The Senate Committee on Primary Healthcare and Communicable Diseases has held a public hearing on the Bill to back the establishment of the Nigeria Centre for Disease Control (NCDC) for the control of diseases in the country.
The NCDC was established in 2011 as a parastatal of the Federal Ministry of Health with the mandate to coordinate public health response to communicable diseases of public health significance, but it had never been backed with an Act of the Parliament.
The Senate President, Bukola Saraki, represented by the deputy Senate leader, Senator Balla Ibn Na’allah (APC, Kebi South), declared the public hearing open and said the Bill will formally and legally establish the Nigeria Centre for Disease Control when signed into law.
LEADERSHIP reports that the Nigerian Centre for Disease Control has been operating administratively for several years with the required personnel in place and receives a fair share of annual budget as appropriated by the National Assembly.
‘’It is therefore important that this agency gets legislative backing to give it a firm policy directive for consistency and adherence to international best practices and also for effective regulatory framework to enforce minimum standard practices and funding from donors.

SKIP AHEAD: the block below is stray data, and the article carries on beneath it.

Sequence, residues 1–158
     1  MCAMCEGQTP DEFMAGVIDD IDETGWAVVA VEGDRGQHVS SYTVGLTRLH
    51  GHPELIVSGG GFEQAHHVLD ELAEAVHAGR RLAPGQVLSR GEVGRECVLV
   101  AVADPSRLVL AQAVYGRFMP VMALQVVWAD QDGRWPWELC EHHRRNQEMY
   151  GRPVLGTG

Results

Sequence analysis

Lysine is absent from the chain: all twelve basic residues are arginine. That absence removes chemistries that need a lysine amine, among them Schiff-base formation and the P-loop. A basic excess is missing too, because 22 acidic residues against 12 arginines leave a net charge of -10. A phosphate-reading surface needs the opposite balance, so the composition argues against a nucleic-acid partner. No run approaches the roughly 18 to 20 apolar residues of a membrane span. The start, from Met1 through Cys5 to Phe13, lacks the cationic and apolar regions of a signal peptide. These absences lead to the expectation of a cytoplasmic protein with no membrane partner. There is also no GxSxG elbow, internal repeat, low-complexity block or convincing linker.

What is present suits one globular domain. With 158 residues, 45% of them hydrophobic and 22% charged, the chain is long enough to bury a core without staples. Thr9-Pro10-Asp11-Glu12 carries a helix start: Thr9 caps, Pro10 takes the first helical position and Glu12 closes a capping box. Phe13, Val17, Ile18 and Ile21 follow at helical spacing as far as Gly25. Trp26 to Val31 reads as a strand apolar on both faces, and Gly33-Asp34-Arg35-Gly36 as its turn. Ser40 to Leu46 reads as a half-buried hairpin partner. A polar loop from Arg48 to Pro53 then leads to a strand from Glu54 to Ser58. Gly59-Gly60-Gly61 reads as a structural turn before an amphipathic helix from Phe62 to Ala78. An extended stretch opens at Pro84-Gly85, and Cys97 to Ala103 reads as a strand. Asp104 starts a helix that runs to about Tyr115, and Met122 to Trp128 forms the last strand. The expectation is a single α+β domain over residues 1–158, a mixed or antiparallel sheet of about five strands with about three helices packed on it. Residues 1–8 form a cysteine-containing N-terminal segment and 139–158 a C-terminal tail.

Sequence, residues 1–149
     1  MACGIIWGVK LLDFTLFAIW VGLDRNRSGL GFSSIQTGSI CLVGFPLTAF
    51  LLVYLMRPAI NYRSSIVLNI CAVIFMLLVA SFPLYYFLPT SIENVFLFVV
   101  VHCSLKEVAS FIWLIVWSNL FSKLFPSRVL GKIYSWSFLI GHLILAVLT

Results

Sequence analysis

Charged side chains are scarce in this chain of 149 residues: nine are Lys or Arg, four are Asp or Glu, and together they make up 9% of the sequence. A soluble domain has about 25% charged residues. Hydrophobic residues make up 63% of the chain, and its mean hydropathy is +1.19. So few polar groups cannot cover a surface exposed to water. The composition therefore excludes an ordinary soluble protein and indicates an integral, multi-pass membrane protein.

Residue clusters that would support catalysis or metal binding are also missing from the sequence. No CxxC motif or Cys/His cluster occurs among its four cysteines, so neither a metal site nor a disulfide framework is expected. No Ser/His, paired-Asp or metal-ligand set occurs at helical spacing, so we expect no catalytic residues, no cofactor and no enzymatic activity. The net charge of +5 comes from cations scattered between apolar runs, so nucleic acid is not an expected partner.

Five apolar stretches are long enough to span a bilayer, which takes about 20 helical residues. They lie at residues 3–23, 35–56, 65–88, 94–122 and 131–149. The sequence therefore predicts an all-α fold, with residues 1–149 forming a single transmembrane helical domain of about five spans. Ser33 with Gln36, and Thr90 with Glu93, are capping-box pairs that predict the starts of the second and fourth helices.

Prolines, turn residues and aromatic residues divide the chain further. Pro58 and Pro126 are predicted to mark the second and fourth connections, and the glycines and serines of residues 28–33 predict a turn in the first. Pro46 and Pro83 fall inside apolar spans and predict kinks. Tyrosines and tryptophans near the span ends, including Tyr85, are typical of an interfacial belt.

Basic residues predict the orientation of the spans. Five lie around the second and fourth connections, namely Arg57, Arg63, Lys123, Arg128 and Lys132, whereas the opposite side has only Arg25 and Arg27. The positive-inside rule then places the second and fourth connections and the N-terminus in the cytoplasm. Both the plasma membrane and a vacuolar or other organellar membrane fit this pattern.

‘’With appropriate legislation in place, it will also make for stability of interventions and for a legislative protection of government medium and long term planning,” the Senator said.
According to him, over the past two decades, the re-emergence of infectious diseases as a major public health concern and a growing awareness of the complexity of health regulation at the local, state, national and global levels speak volumes of the need to take disease control seriously.
‘’In 2017, Nigeria had a number of outbreak of diseases such as meningitis, yellow fever, monkey pox and Lassa fever.
This centre will strengthen health information systems to support prevention and control measures of communicable and non-communicable diseases.
‘’The centre will also help to prevent, detect, monitor and control diseases of national and international public health concern, including emerging and re-emerging diseases. This will ensure that we are not taken unawares like it happened during the unfortunate spread of Ebola virus in 2014 that caused a national panic and left some Nigerians victims,” Saraki said.
The bill was sponsored by Senator Theodore Orji while the chairman of the committee is Sen. Mao Ohuabunwa
On his part, the minister of health, Professor Isaac Adewole, urged the Senate fast-track the process for enacting the legal framework that will give teeth to the NCDC.
In his submission, Prof. Nasidi Abdulsalami, acting executive director, Economic Community of West African States (ECOWAS), suggested that the bill should emphasise prevention over control.
“We should also emphasise having alternative sources of funding of the organisation. It is very crucial for us to establish a special intervention fund that will empower the agency to respond and reduce our health emergency time as we showcased during the Ebola outbreak.
“We want an NCDC that will be independent, autonomous to some extent,” he said.